Operations

4/14/2015
10:30 AM
Joshua Goldfarb
Joshua Goldfarb
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Setting Security Professionals Up For Success

People, process, and technology are all integral to a successful infosec program. What's too often missing involves the concept of workflow.

When I was an Air Force Officer, I was taught the concept of setting people up for success. In other words, how to make the most of each individual’s talents and capabilities, put those individuals in situations where they can be successful, give them the proper training, tools, and focus for the job and enable, empower, and facilitate them. We didn’t want to send them into a situation where they would have no chance of success and are doomed to failure.

Sometimes, we forget this important lesson in the security realm. This is particularly true within the area of security operations as organizations struggle with timely detection and response and continually seek ways to improve. What I’m talking about is the concept of workflow.

Recently, I encountered a situation where a co-worker was occasionally forgetting to complete a specific task. Nothing particularly earth-shattering of course, but still unusual for this co-worker, whom I hold in high regard. After a discussion, it became clear that she was following a process that was not a good fit for the task at hand. Why was she following this process, despite it not being a good fit? The answer was simple. There was no other option. We had not given her the tools to properly accomplish this task. We had not set her up for success.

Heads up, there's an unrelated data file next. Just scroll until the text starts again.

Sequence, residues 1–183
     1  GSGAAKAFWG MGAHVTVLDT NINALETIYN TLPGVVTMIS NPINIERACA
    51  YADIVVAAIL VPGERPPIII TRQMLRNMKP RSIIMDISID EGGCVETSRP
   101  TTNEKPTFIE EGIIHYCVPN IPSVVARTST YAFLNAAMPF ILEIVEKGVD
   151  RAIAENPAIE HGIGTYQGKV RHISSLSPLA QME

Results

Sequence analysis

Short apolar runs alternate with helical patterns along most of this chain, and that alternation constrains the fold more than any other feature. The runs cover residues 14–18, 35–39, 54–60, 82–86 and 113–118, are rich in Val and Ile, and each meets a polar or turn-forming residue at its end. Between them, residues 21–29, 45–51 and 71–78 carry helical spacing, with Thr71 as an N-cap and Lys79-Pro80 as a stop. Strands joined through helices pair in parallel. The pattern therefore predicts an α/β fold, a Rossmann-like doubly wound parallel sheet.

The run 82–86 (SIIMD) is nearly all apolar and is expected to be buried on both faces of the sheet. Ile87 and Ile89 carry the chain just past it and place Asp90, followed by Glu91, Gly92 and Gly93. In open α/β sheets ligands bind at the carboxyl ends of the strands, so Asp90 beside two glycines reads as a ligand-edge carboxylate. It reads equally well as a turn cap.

People cannot be expected to work miracles. In security, people, process, and technology are all integral to a successful security program. If we don’t provide people with adequate technology and a strategic, coordinated, efficient, streamlined process, we are not setting them up for success. We can’t expect timely detection and response if we don’t set our analysts up to successfully deliver it. What are some points to consider when setting the security operations team up for success? While not an exhaustive list, here are some thoughts:

  • Practice content development: As the saying goes: garbage in, garbage out. The effectiveness of a security operations program is directly tied to its work queue. If you want the output of that work queue to be of high quality, populate it with input of high quality. This can be achieved by following a content development process focused on identifying behavior and events that mark the risks and threats the organization is focused on detecting and mitigating.
  • Follow an efficient process: The fundamental stages of the incident handling/incident response life cycle are: Detection, Analysis, Containment, and Remediation. Good content development will help with timely and accurate detection. For the rest of the life cycle, ensure that the organization follows an efficient process that facilitates analysis, containment, and remediation. This is the fastest way to timely and accurate response.
  • Love the virtuous feedback loop: Each stage of the incident-handling life cycle informs all others. Among their many benefits, lessons learned during incident response can improve detection, optimize process, identify gaps in telemetry, teach new analytical methods, highlight communication issues, and encourage bridge building within the organization and externally. Learn to love this virtuous feedback loop and exploit it to set your team up for success.